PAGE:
Switching Raspbian to Pixel desktop

Official Raspbian images based on Debian Stretch by default has the Pixel desktop environment and will login new users to it. But if you have had a Raspbian installation with another DE (such as LXDE), here are the steps to install and login to the Pixel desktop.

  1. apt-get install raspberrypi-ui-mods
  2. sed -i 's/^autologin-user=pi/#autologin-user=pi/' /etc/lightdm/lightdm.conf
  3. update-alternatives --set x-session-manager /usr/bin/startlxde-pi
  4. sed -i 's/^Session=.*/Session=lightdm-xsession/' ${USER}/.dmrc

Make sure the user’s ‘.dmrc’ file is updated with the new startlxde-pi session as that is where lightdm login manager looks to decide which desktop should be launched.


Convert iPhone contacts to vCard

On a recent troubleshooting attempt, I lost all the contacts in my Android phone. It had also received a recent update which took away the option to import contacts from another phone via bluetooth.
I still had some contacts in the old iPhone, but now that mass transfer via bluetooth is gone, it was a question of manually sending each contact in vCard format to the Android phone. That means I should probably find a less dreadful way to get the contacts back.

Here is one way to extract contacts en-masse from iPhone into popular vCard format. The contact and address details in iOS are stored by AddressBook application in a file named ‘AddressBook.sqlitedb’ which is an sqlite database. The idea is to open this database using sqlite, extract the details from a couple of tables and convert the entries into vCard format.

Disclaimer: the iPhone is an old 3GS running iOS 6 and it is jailbroken. If you attempt this, your mileage would vary. Required tools/softwares are usbmuxd (especially libusbmuxd-utils) and sqlite, with the prerequisite that openssh server is running on the jailbroken iPhone.

  1. Connect iPhone via USB cable to the Linux machine. Run iproxy 2222 22 to connect to the openssh server running on the jailbroken phone. iproxy comes with libusbmuxd-utils package.
  2. Copy the addressbook sqlite database from phone:scp -P 2222 mobile@localhost:/var/mobile/Library/AddressBook/AddressBook.sqlitedb .Instead of steps 1 and 2 above, it might be possible to copy this file using Nautilus (gvfs-afc) or Dolphin (kio_afc) file manager, although I’m not sure if the file is accessible.
  3. Extract the contact and address details from the sqlite db (based on this forum post):sqlite3 -cmd ".out contacts.txt" AddressBook.sqlitedb "select ABPerson.prefix, ABPerson.first,ABPerson.last,ABPerson.organization, c.value as MobilePhone, h.val ue as HomePhone, he.value as HomeEmail, w.value as WorkPhone, we.value as WorkEmail,ABPerson.note from ABPerson left outer join ABMultiValue c on c.record_id = ABPerson.ROWID and c.label = 1 and c.property= 3 left outer join ABMultiValue h on h.record_id = ABPerson.ROWID and h.label = 2 and h.property = 3 left outer join ABMultiValue he on he.record_id = ABPerson.ROWID and he.label = 2 and he.property = 4 left outer join ABMultiValue w on w.record_id = ABPerson.ROWID and w.label = 4 and w.property = 3 left outer join ABMultiValue we on we.record_id = ABPerson.ROWID and we.label = 4 and we.property = 4;"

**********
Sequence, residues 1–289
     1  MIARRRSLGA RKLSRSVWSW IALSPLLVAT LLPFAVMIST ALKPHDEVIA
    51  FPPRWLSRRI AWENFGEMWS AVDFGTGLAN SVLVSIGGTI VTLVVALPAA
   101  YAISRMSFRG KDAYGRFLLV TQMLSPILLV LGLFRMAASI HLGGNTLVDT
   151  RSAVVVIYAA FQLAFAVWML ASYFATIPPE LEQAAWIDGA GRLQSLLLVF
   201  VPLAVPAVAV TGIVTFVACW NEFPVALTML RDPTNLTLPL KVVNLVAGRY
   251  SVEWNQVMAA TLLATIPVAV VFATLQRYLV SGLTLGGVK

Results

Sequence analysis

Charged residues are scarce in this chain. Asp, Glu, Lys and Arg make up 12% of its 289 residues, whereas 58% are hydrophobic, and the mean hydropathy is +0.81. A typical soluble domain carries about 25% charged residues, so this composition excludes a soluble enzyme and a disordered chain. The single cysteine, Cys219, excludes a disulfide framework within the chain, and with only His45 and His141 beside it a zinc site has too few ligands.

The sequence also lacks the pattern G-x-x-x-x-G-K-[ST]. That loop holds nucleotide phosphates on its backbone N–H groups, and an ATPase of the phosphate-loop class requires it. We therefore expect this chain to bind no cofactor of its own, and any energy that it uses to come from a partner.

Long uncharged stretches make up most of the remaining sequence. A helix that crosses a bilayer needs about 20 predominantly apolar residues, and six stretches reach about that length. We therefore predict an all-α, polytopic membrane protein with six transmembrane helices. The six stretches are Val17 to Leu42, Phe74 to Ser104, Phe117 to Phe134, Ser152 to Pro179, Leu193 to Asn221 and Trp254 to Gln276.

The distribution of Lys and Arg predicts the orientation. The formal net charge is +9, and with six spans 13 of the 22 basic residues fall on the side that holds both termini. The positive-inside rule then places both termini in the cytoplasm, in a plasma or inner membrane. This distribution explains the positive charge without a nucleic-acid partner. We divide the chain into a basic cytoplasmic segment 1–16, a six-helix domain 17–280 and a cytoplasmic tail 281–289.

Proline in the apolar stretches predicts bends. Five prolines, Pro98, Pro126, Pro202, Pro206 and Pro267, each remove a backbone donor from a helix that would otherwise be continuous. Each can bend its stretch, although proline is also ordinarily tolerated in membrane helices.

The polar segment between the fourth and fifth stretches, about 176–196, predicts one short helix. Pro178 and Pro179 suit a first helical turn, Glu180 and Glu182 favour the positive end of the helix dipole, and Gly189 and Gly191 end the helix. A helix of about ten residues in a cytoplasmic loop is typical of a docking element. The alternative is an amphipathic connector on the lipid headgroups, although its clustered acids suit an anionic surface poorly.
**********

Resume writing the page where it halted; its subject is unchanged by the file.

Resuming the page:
4. Convert the extracted contact details to vCard format:cat contacts.txt | awk -F\| '{print "BEGIN:VCARD\nVERSION:3.0\nN:"$3";"$2";;;\nFN:"$2" "$3"\nORG:"$4"\nEMAIL;type=INTERNET;type=WORK;type=pref:" $9"\nTEL;type=CELL;type=pref:"$5"\nTEL;TYPE=HOME:"$6"\nTEL;TYPE=WORK:"$8"\nNOTE:"$9"\nEND:VCARD\n"}' > Contacts.vcf
  5. Remove the empty content lines if some contacts do not have all the different fields:sed -i '/.*:$/d' Contacts.vcf

Now simply transfer the Contact.vcf file containing all the contact details to Android phone’s storage and import contacts from there.


Many years ago, when I first saw this thing called Linux and found that I could use it everyday (in the college Lab), it intrigued me so much that I spent days and nights with it. Learning new things every day.

I remember this particular story – trying to get MPlayer work on my friend’s desktop running RedHat 9. Only the college lab had internet connection, I was downloading the RPM, finds that it is too big to fit in a Floppy disk, so I cut it into smaller KB files, doing round trips from Lab to hostel room, finally stitch them together and try to install it. Then I got into fighting the ‘dependency hell’ – MPlayer had a lot of dependencies, so I have to then search for the dependencies individually in rpm.pbone.net and download all these RPMS, copy them into the floppy and try to install them all together – of course using ‘rpm -ivh‘. That, then would result into a new level of dependency, missing dozens of libxyz.so files. The end of the story is that I did manage to install MPlayer and play videos.

And then Fedora Core emerged. With it, we found Yum as the package manager and instantly found that it can solve the dependencies for me! Ever since then, the one single command I have run most would be “yum”. Over the years it gained a lot of new features and stability.

I have recently learned the tragic demise of Seth Vidal who developed yum; and though I never knew him personally; he has touched someone’s life at the other end of the world. Thank you, Seth.

Fedora 18 : Install from ISO file